Getting Back into Action After an Operation

Hospital Stays

Tammy George

How long will it take for life to get back to normal after an operation? It’s almost impossible to answer because everyone’s recovery is slightly different. Some patients will bounce back quite quickly while others will take much longer. Recovery time factors include age, level of physical fitness before an operation, following doctors orders, doing the prescribed exercises and even state of mind.   

Returning to Work

If you don’t think you will be able to resume your same duties when you go back to work, speak to your employer. You may be able to go back part-time and work up to full-time hours. If your role is physical, see if you can take on less strenuous duties until you are completely fit.  

Be Positive

Sometimes it can feel like life will never be the same again. Pain, limited mobility and boredom can put some people in a depressed state during their recovery. Try to find three things to be positive about each day. It could be a friend's visit or phone call that you appreciated, some flowers you received or an increase in the number of exercises you managed to do today.

Do your Exercises

You start out with the best of intentions to do the exercises that have been recommended, but too many people stop too early because they think they’re past that stage or it gets a bit boring. Try to keep up with them and set yourself a goal to do a little more each day, so your strength and mobility get back to what they once were.

Take it Slowly

When you think your recovery period is over, don’t resume your old life at once. A full work, family and social life could see your recovery take a step backwards. Life may be more tiring than it was pre-op. If you are returning to work one week, don’t try to do all the household chores during the same week. Step things up slowly. When you feel you are coping with one part of your old life, resume another part. It may feel like you are going too slow, but it's better than making a backward step.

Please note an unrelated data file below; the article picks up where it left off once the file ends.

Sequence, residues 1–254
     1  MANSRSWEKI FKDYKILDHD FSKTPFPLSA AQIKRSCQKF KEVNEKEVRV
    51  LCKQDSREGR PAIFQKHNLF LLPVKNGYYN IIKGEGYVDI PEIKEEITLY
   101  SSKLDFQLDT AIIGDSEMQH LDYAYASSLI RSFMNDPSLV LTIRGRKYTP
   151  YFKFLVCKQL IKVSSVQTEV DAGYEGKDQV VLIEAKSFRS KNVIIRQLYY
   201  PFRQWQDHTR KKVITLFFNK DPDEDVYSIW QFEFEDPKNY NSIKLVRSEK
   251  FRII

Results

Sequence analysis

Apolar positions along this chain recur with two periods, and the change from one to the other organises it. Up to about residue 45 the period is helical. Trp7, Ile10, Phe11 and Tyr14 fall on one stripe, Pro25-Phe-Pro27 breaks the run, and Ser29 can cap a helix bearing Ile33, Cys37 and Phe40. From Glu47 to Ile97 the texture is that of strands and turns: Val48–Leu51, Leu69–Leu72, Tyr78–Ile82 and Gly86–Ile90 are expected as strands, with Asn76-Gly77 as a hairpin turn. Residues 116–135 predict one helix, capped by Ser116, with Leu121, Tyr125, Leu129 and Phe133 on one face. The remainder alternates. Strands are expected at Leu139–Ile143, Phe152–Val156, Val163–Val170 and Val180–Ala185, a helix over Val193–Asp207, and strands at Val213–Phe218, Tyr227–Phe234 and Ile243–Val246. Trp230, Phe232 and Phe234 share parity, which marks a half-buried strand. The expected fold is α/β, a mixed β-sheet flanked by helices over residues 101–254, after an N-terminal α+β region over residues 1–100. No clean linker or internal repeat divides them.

Consult your Doctor

While you might feel fine, there may be some duties that shouldn’t undertake for some time. If you can’t remember if you have any restrictions, ask your doctor. What may seem like a harmless physical activity could put you at risk of an injury that takes much longer to recover from than the original recovery timeline.

Accepting Help

Don’t feel guilty that people are still wanting to help you out when your recovery is nearly completed. That extra pair of hands is what could be the difference between a fast and slow recovery because you are trying to do it all yourself. Let your friend or family member know how much you appreciate their assistance and know that you one day you may be able to return the favour.

With some patience and taking care of yourself physically and emotionally, you can get back to enjoying your old life.

HIF Hospital Cover

With five levels of hospital cover, you can choose the one that suits your requirements. From basic cover for accidental injuries and minor surgeries to top level private room cover with all the bells and whistles, it’s your choice.

Tammy George

Please note: Tammy's blog is general advice only. For further information on this topic please consult your healthcare professional.

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